I knew some homosexuals before college (all deeply in the closet, I only knew because my father was their pastor), but in the early 80's one of my best friends was gay. I didn't know it for quite a while; he was bi initially, but dropped that after he became uncomfortable with his female relationships.

We were in arguably the single most progressive college in the country, in a college town where pretty much anything went, but he and his friends still worked very hard to stay in the closet. And the AIDS epidemic was as described. People commonly thought you could get it by touching someone, or sharing food, or the like. It was terrifying for the gay community, especially with the bath house culture (15 or more hookups in a weekend, sometimes, according to my friend) still in full swing in NYC.

Matt died after he graduated from MIT and had moved to Ann Arbor, MI to take up an academic post, shortly into his first semester there. He died of a sudden illness, but I believe it was AIDS related, given his previous physical condition over the years. His boyfriend kept me in the dark for years out of some kind of weird jealousy. I always regretted not having the chance to talk to him after he had graduated, outside of a few short phone conversations. I always figured there'd be time, though.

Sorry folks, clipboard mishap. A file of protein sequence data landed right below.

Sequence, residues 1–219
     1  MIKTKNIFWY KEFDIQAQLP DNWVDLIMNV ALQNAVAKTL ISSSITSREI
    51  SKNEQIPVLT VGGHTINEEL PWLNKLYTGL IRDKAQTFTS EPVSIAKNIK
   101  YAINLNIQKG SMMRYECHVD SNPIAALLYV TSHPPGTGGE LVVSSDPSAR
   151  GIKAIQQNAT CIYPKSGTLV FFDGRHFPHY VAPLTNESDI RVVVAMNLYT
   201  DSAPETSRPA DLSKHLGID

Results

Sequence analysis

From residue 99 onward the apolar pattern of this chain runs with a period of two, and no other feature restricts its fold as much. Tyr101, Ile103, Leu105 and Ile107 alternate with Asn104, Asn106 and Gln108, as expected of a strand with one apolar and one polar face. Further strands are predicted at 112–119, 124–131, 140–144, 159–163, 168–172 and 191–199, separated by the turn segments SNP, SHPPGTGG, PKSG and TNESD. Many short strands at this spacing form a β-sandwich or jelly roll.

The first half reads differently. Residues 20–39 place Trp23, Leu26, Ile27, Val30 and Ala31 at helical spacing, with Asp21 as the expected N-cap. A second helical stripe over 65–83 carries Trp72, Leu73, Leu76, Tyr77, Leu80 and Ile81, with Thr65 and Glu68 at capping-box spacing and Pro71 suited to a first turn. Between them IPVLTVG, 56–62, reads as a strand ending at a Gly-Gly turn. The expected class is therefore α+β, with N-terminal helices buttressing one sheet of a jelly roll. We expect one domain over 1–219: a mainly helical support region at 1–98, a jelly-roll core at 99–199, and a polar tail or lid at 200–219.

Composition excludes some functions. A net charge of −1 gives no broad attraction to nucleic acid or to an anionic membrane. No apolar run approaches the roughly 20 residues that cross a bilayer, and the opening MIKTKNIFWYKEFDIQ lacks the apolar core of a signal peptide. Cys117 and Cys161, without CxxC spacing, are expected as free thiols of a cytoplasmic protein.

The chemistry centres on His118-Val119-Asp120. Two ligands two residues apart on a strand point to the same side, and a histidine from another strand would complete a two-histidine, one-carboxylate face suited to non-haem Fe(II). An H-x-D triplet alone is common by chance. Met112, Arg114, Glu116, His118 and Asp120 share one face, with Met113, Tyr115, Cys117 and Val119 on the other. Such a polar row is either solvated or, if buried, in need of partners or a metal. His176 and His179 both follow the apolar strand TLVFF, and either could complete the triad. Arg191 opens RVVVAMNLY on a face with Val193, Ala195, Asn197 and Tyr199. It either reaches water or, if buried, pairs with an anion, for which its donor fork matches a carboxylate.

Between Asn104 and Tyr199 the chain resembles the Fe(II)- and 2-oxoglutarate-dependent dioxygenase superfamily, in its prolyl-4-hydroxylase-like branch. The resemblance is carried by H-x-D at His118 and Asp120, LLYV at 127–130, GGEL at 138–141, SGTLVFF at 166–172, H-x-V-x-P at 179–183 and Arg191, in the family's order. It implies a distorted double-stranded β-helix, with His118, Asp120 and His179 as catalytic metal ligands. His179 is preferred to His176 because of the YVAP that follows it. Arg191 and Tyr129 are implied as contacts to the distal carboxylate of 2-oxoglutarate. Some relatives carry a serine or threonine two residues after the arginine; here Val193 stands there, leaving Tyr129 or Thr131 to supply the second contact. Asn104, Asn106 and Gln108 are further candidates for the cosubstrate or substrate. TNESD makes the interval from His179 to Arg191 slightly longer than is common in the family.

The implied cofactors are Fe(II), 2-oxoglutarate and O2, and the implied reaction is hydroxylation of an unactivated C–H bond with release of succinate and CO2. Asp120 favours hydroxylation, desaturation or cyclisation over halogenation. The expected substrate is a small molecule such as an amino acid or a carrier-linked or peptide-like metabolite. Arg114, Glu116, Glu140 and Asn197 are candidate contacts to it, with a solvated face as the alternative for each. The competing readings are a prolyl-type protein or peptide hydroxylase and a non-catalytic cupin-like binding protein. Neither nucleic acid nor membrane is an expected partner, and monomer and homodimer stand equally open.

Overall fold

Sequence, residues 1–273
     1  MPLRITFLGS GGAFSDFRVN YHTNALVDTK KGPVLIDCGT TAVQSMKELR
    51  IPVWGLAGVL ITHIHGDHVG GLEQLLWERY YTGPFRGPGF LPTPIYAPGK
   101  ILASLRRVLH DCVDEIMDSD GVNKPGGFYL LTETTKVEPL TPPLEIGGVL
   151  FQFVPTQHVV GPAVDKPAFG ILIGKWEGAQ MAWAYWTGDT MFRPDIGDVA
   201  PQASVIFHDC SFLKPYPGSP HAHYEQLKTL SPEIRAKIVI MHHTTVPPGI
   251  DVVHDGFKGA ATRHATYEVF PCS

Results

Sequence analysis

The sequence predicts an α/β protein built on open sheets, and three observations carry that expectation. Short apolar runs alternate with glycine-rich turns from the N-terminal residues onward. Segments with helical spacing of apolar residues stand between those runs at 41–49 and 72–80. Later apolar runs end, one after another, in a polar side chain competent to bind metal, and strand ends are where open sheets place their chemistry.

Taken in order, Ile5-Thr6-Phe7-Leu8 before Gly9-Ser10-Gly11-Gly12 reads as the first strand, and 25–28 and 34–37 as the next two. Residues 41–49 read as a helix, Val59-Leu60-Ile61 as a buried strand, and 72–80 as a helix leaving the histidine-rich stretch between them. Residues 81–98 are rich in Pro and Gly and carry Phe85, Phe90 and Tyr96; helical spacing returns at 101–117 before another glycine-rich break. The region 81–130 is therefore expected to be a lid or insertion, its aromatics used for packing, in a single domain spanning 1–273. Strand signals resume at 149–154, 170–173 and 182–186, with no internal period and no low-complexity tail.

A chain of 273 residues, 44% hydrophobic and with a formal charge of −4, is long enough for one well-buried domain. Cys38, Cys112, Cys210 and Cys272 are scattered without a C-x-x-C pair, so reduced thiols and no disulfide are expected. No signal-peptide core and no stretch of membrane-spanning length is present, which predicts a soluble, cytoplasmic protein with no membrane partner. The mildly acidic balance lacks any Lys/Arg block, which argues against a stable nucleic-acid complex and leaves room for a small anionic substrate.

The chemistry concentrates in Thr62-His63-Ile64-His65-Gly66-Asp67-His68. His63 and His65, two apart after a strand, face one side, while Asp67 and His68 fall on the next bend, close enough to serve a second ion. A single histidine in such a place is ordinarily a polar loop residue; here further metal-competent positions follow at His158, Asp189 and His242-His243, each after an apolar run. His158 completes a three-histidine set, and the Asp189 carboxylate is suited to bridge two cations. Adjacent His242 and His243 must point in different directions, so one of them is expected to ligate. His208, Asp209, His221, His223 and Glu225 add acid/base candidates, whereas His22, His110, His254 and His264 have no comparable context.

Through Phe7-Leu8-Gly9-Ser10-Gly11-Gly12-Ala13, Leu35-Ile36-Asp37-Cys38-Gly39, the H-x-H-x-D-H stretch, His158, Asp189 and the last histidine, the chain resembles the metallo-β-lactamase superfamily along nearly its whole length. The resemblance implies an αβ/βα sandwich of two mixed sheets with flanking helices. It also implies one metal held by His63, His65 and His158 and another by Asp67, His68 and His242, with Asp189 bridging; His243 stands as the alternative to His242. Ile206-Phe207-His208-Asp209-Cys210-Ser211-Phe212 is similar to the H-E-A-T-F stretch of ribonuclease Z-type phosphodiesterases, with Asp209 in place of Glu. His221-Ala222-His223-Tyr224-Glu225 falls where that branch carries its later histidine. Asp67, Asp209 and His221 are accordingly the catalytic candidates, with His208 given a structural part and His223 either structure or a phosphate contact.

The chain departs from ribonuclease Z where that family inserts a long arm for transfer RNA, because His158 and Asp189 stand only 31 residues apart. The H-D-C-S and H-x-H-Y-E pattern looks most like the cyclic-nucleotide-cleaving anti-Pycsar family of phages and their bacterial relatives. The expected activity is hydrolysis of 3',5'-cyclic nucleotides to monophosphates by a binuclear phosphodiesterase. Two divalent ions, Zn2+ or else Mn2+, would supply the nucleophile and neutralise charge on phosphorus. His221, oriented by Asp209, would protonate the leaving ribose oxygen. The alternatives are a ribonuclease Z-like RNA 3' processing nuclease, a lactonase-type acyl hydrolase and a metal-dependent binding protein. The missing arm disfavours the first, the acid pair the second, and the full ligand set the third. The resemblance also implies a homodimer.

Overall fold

He'd be very happy with recent results, though.

NSMike wrote:

Well, a Christian heckler disturbed the first gay wedding in New Jersey, but, in other news, the Christie administration dropped their challenge to same sex marriage.

Number 14.

To be fair, he was only legitimately responding to the question asked if anyone was opposed...

Seriously though, it makes me sad when people act like jerks in the name of the biggest non-jerk in the history of the universe.